[Numpy-discussion] IEEE 754-2008 decimal floating point support

Robert Kern robert.kern@gmail....
Wed Sep 8 15:04:17 CDT 2010


On Wed, Sep 8, 2010 at 14:44, Michael Gilbert
<michael.s.gilbert@gmail.com> wrote:
> On Wed, Sep 8, 2010 at 12:23 PM, Charles R Harris wrote:
>>
>>
>> On Wed, Sep 8, 2010 at 9:46 AM, Michael Gilbert
>> <michael.s.gilbert@gmail.com> wrote:
>>>
>>> On Wed, 8 Sep 2010 09:43:56 -0600, Charles R Harris wrote:
>>> > On Wed, Sep 8, 2010 at 9:26 AM, Michael Gilbert
>>> > <michael.s.gilbert@gmail.com
>>> > > wrote:
>>> >
>>> > > Hi,
>>> > >
>>> > > Are there any plans to add support for decimal floating point
>>> > > arithmetic, as defined in the 2008 revision of the IEEE 754 standard
>>> > > [0], in numpy?
>>> > >
>>> > >
>>> > Not at the moment. There is currently no hardware or C support and
>>> > adding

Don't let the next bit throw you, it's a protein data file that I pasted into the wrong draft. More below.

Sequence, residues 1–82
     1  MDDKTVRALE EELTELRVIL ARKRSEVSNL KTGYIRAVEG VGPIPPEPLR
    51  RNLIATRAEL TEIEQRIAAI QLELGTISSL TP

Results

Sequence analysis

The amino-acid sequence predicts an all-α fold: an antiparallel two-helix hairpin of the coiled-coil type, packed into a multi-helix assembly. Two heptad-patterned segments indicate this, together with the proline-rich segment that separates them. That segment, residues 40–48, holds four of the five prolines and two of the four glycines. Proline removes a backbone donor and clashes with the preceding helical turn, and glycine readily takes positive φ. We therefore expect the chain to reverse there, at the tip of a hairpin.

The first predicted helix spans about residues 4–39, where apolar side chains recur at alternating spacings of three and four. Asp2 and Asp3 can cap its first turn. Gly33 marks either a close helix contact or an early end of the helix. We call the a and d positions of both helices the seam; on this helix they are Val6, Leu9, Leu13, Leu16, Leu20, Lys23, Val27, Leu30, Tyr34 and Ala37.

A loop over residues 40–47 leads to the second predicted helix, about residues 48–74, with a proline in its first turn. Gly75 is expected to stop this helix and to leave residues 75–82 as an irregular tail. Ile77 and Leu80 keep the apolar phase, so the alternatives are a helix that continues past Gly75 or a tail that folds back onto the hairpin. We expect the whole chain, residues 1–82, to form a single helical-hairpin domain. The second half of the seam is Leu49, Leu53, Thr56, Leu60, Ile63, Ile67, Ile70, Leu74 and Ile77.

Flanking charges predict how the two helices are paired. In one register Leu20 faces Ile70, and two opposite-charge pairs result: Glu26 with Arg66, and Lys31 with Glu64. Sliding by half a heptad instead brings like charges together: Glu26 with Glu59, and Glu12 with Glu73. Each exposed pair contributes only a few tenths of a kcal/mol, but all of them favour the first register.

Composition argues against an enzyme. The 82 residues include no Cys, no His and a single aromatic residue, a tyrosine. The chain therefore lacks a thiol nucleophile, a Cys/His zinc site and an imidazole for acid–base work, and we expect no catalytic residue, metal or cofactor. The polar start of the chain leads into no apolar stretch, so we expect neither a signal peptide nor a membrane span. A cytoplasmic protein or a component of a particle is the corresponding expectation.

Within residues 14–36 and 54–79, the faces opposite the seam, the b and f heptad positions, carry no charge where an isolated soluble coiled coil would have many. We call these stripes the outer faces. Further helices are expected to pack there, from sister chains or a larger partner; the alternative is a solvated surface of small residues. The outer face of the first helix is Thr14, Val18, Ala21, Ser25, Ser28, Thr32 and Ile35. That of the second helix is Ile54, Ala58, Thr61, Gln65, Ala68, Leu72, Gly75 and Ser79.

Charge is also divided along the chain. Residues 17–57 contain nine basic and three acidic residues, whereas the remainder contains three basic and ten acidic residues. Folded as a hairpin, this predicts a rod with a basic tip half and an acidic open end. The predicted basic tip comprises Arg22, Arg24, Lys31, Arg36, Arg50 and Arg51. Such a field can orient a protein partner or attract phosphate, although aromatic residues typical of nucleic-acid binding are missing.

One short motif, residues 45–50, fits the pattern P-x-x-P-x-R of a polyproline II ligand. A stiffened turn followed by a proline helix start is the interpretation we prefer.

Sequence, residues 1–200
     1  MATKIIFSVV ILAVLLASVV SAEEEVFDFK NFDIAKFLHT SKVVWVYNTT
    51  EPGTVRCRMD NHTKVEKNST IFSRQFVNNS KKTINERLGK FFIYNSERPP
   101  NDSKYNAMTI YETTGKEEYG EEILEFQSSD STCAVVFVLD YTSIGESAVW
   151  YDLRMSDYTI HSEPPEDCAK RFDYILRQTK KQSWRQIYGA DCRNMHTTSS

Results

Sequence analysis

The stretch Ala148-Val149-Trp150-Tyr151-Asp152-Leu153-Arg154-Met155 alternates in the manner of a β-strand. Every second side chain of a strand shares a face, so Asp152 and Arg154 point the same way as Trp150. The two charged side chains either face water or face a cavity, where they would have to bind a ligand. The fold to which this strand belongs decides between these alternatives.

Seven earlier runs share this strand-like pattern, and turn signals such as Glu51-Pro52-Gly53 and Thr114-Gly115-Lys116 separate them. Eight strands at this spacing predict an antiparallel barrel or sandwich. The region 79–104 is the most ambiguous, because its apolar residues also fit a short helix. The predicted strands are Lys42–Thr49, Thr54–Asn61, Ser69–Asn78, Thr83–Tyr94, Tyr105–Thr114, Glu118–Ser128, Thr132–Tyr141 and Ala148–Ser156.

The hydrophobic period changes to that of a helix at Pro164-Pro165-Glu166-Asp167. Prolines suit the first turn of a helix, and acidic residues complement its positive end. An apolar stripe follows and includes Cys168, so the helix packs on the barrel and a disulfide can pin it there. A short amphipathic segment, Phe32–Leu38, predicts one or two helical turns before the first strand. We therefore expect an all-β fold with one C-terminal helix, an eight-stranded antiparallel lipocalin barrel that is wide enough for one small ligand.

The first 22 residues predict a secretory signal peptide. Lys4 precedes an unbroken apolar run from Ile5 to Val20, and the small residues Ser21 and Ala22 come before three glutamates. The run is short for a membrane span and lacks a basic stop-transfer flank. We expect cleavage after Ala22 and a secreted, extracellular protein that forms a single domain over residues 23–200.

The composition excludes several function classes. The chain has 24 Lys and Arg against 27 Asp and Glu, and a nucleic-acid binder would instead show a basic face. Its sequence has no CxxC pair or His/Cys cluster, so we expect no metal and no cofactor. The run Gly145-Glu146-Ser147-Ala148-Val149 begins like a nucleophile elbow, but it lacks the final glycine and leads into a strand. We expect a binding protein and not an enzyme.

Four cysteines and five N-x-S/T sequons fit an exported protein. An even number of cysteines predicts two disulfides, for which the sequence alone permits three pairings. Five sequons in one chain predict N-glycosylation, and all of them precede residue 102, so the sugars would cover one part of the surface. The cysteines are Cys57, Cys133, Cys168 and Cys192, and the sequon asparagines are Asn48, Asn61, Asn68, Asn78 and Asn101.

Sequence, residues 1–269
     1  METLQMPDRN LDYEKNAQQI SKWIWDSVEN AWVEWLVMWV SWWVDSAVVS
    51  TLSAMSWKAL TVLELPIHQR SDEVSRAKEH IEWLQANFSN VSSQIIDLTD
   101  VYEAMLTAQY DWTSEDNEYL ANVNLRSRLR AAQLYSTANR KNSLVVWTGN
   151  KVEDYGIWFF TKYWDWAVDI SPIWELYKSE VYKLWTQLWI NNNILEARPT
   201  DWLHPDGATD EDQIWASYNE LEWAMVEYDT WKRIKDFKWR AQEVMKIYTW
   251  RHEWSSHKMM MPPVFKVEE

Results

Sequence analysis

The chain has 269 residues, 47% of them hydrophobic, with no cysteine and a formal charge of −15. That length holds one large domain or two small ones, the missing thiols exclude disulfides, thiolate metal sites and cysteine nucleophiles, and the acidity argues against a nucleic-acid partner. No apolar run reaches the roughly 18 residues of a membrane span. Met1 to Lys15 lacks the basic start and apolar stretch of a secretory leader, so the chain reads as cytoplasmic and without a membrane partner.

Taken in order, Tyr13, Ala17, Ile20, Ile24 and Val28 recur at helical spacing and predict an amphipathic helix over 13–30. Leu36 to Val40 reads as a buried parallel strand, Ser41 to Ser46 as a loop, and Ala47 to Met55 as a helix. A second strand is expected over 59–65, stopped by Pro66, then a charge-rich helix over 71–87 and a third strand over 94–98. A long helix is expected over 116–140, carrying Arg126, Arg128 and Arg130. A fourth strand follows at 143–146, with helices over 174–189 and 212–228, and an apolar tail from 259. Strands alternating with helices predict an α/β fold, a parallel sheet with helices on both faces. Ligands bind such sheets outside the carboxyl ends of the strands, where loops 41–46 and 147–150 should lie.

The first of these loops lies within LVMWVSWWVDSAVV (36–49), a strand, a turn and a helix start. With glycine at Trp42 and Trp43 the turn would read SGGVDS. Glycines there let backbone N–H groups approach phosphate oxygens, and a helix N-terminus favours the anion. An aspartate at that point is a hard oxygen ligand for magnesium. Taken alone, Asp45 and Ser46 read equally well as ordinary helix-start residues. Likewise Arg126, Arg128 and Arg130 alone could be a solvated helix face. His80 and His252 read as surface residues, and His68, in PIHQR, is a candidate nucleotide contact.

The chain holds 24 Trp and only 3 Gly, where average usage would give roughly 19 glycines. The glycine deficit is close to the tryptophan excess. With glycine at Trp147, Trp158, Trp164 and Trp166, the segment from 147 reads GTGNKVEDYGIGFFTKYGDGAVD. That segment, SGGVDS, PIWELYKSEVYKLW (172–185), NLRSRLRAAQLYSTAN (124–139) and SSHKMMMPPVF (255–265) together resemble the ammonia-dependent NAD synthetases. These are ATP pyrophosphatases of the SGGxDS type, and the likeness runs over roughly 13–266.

>>> > new types to numpy isn't trivial. You can get some limited Decimal
>>> > functionality by using python classes and object arrays, for instance
>>> > the
>>> > Decimal class in the python decimal module, but the performance isn't
>>> > great.
>>> >
>>> > What is your particular interest in decimal support?
>>>
>>> Primarily avoiding catastrophic cancellation when subtracting
>>> large values.  I was planning to use the decimal class, but was
>>> curious whether support for the IEEE standard was coming any time soon.
>>>
>>
>> If you just need more precision, mpmath has better performance than the
>> Decimal class. Also, it might be possible to avoid the loss of precision by
>> changing the computation, but I don't know the details of what you are
>> doing.
>
> Just wanted to say that numpy object arrays + decimal solved all of my
> problems, which were all caused by the disconnect between decimal and
> binary representation of floating point numbers.

Are you sure? Unless if I'm failing to think through this properly,
catastrophic cancellation for large numbers is an intrinsic property
of fixed-precision floating point regardless of the base. decimal and
mpmath both help with that problem because they have arbitrary
precision.

-- 
Robert Kern

"I have come to believe that the whole world is an enigma, a harmless
enigma that is made terrible by our own mad attempt to interpret it as
though it had an underlying truth."
  -- Umberto Eco


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